In recent years, there has been a steady decline in the promotion of hygiene practices in modern homes, mainly due to changing family demands and structure (Scott, 2013). Children are usually taught to wash their hands when they are young, but reinforcement of hand washing by parents often decreases when children reach school (Guinan, 2002).
Recommendations for Hand Washing at Home and at School
The CDC (2015) provides these practical hand washing guidelines:
When to wash your hands:
How to wash your hands:
Check out the full article from Deb's Hand Hygiene, Infection Prevention and Food Safety blog by clicking here.
When it comes to good old fashion cookbooks, it turns out that one essential ingredient is often missing in the recipes – food safety. According to a new study, the majority of recipes found in popular cookbooks provide very little information about food safety and the important issue of cross contamination. The study’s researchers noted that cookbooks tell people how to cook, but not really in a way that could help reduce the risk foodborne illness.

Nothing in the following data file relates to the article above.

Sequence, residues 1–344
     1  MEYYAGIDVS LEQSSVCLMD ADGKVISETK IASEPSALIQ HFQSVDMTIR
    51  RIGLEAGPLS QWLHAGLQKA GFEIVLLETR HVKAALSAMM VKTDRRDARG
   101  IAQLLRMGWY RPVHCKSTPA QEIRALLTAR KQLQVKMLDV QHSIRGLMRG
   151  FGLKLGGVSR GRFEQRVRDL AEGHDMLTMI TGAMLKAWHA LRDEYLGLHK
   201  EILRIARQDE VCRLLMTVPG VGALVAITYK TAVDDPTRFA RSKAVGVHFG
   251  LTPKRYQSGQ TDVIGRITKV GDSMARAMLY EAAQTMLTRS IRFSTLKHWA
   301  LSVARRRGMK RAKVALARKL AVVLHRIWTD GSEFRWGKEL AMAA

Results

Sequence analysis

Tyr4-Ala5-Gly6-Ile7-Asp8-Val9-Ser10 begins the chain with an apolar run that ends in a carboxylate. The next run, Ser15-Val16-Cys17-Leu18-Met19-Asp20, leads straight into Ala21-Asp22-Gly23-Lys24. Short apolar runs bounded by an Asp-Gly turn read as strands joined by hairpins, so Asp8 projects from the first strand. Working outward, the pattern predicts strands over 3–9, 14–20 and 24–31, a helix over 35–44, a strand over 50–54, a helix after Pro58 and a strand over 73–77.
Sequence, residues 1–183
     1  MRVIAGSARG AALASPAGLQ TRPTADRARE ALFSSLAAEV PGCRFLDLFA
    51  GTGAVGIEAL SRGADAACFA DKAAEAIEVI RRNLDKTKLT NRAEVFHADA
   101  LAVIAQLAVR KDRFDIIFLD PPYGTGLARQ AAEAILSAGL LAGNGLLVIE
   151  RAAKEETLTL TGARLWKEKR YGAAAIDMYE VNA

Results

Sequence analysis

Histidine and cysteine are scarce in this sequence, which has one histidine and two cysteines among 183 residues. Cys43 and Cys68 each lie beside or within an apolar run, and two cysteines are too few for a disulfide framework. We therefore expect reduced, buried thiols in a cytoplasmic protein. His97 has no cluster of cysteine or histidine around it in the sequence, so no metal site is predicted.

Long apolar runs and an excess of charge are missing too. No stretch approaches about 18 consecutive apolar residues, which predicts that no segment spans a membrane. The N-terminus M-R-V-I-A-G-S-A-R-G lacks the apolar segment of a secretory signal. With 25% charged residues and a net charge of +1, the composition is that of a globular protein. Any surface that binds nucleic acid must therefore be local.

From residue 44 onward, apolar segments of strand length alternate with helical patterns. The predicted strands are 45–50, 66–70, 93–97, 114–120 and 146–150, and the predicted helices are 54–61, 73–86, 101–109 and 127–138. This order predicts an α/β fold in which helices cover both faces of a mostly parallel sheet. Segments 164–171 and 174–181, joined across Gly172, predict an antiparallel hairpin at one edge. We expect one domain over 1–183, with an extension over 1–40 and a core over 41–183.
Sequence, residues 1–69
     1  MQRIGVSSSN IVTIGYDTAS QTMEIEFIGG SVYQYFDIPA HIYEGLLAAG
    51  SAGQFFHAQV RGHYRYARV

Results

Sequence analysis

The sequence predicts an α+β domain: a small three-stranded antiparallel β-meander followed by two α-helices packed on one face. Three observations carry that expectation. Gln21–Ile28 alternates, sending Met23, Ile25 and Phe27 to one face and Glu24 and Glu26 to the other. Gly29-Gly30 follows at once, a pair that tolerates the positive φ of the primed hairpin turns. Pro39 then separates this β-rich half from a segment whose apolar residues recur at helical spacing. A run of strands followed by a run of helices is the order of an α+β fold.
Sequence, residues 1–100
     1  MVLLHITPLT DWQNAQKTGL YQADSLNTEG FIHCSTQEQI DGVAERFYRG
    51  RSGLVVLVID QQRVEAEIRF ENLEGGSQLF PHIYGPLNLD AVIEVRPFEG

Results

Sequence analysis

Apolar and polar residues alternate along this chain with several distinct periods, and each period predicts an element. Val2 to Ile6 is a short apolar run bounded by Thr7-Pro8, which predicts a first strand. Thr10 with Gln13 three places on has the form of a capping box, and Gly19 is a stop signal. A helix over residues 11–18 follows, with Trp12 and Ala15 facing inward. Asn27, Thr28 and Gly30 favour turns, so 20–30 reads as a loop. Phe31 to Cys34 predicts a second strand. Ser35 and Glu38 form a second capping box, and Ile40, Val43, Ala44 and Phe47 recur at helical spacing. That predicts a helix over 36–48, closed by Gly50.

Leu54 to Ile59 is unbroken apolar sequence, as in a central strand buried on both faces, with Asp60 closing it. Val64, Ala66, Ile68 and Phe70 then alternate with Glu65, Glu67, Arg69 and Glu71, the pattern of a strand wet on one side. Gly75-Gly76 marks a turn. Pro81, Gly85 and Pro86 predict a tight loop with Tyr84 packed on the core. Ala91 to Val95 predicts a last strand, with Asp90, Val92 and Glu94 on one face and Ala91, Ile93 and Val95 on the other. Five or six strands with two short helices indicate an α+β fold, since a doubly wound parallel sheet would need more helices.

Read the full story in this newly published food safety blog article.
So how do you decide if food is okay to eat? Well according to the CDC the phrase, “smells okay” precedes 85% of foodborne illnesses in the United States annually.
“We analyzed data from thousands of cases involving food-related ailments over the last decade and concluded that most individuals had given a quick once-over to leftovers and uttered some variation of ‘probably still good’ before spending the next several hours suffering intense stomach pain and vomiting,” said Dr. Robert Husted, director of the CDC’s Division of Foodborne, Waterborne, and Environmental Diseases.
Dr. Husted also noted that the statement, “hasn’t been sitting out for that long,” could be directly linked to cases of E. coli and even botulism. The report also confirmed that thousands of foodborne illness cases start immediately after a friend of family member says, “try this.”
It turns out that smell or taste is not a good way to determine if food has gone bad, according to a Michigan State University study. The researchers noted, “Many of the pathogens that can cause foodborne illness cannot be seen or smelled. The sense of smell and taste can also be impacted by age, illness or medication as well.”